Amongst the other commissions that Rodin worked on while pursuing ‘The Gates of Hell’ commission was ‘The Burghers of Calais’. During the Hundred Years’ War, King Edward III besieged the town of Calais. In order to safeguard the town, six men barefooted and bareheaded, sacrificed themselves as detainees to the King. Taking cue from this event, Rodin created ‘The Burghers of Calais’ sculpture.
Made in bronze and weighing more than two tonnes, ‘The Burgher of Calais’ was one of the most celebrated and acclaimed works by Rodin. Despite being completed in 1889, it was only in 1895 that the monument was displayed to public. Later in 1913, a bronze statue of the Calais group was added to the sculpture depicting insistence by the Queen to show mercy on the men.
In 1889, Rodin was commissioned to create a monument for Victor Hugo. Just like his previous work, the monument was far away from conventional standards and instead dealt with the subject of artist and muse.
In 1891, he was commissioned to create a monument for French author Honoré de Balzac by Société des Gens des Lettres. The work was however quite different from Rodin’s former works, in terms of taste and perception. It broke the conventional ties and depicted Balzac partly draped with deep eyes and expressions that conveyed courage, labour and struggle. Due to the same, the Société rejected his work.
Rodin’s large collection of sculptures and drawings were displayed in Exposition Universelle of 1900 in Paris. The exhibit further glorified his artistic reputation as he started receiving orders for making busts of prominent people from around the globe including United States, England, Germany and France.
In 1903, he served as the elected president of the International Society of Painters, Sculptors, and Engravers, replacing James Abbott McNeill Whistler, after the latter’s death.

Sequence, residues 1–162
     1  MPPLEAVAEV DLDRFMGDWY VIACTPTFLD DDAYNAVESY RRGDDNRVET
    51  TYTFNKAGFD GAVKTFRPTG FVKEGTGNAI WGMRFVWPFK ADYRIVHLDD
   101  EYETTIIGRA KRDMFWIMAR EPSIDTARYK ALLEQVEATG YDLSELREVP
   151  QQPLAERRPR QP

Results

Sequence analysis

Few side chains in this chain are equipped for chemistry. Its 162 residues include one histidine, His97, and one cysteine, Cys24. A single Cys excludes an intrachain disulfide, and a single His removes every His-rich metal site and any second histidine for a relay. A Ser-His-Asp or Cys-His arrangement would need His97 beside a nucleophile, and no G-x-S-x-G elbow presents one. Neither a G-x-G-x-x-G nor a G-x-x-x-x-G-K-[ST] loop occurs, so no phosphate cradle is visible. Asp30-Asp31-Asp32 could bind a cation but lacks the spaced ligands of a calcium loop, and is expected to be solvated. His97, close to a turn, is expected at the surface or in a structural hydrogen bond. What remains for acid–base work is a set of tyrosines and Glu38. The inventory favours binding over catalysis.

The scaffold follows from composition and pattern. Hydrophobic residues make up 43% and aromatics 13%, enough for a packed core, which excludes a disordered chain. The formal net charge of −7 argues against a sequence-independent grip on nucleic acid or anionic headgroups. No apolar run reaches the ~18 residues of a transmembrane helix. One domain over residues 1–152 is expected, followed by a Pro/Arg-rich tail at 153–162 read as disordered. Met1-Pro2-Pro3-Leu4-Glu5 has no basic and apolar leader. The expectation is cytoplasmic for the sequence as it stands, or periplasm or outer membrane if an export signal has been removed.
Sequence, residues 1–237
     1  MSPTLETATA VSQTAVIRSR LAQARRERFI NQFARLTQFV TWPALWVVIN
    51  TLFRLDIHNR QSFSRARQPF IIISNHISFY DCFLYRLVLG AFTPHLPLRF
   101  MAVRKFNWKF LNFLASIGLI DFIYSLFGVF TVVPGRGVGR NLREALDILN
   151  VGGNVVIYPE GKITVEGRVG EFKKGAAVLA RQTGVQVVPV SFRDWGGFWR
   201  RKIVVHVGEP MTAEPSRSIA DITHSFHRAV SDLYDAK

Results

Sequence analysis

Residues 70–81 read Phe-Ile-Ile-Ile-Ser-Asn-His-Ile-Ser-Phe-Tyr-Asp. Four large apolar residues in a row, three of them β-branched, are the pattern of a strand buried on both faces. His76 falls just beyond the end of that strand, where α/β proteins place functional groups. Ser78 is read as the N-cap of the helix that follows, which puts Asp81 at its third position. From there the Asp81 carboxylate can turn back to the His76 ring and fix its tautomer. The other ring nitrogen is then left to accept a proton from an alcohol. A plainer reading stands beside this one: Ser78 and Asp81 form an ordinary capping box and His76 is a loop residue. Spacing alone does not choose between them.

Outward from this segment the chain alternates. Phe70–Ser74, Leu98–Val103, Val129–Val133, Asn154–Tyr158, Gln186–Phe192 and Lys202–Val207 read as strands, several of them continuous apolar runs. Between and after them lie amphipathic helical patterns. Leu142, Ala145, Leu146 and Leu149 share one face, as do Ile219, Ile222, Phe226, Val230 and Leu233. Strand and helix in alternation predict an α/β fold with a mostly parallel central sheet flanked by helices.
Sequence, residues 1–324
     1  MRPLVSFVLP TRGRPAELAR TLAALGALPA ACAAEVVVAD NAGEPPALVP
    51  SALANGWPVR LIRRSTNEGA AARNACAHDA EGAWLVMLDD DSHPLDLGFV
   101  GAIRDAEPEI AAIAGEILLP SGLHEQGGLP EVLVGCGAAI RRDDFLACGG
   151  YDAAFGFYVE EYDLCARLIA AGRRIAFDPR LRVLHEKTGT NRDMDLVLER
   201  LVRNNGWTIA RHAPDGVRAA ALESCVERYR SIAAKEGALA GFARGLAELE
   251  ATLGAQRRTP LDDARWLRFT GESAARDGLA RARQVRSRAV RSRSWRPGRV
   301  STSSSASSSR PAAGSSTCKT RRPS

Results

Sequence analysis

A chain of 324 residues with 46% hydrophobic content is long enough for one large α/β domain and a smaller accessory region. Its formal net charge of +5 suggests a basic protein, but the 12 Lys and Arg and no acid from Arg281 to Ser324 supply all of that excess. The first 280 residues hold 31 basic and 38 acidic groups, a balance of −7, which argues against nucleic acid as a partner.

During much of his later life, Rodin turned his creative attention to themes of masculinity and femininity. He concentrated on dance studies and came up with a collection of erotic drawings.
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Personal Life & Legacy
Rodin first met his future partner, Rose Beuret, a young seamstress, in 1864. The two shared an intimate bond almost instantly and Beuret eventually became his companion for life. It was only after fifty-three years into their relationship that the two married on January 29, 1917. In 1866, however, they were blessed with a Rodin’s only child, a son Auguste Eugene Beuret.
In 1883, Rodin befriended Camille Claudel. The friendship soon progressed as the two shared a passionate yet stormy relationship. She served as his inspiration for many of his figures.
In 1889, Rodin’s personal life underwent a major turmoil as both Beuret and Clauddel became increasingly impatient with his double standards. Despite living with Claudel, Rodin refused to bow out of his relationship with Beuret, who mothered his son. It was only in 1898 that Claudel and Rodin separated. Subsequently, Claudel underwent nervous breakdown that led to her death.
Though Beuret was essentially Rodin’s love companion, her experience of marital bliss was short-lived. Just two weeks after marrying Rodin, she breathed her last on February 16, 1917.
Rodin suffered from influenza that eventually weakened his health. He died on November 17, 1917, at his villa in Meudon, Île-de-France, on the outskirts of Paris, due to congestion of the lungs.
Posthumously, he was made commander by the French Légiond'honneur and received an honorary doctorate from the University of Oxford.
Due to the changing aesthetic value, the popularity of Rodin profoundly declined in the decades following his death. It was only in 1950 that his reputation yet again zoomed as he became recognized as the most important sculptor of the modern era. He has played an influential role for numerous artists and sculptors of the modern era.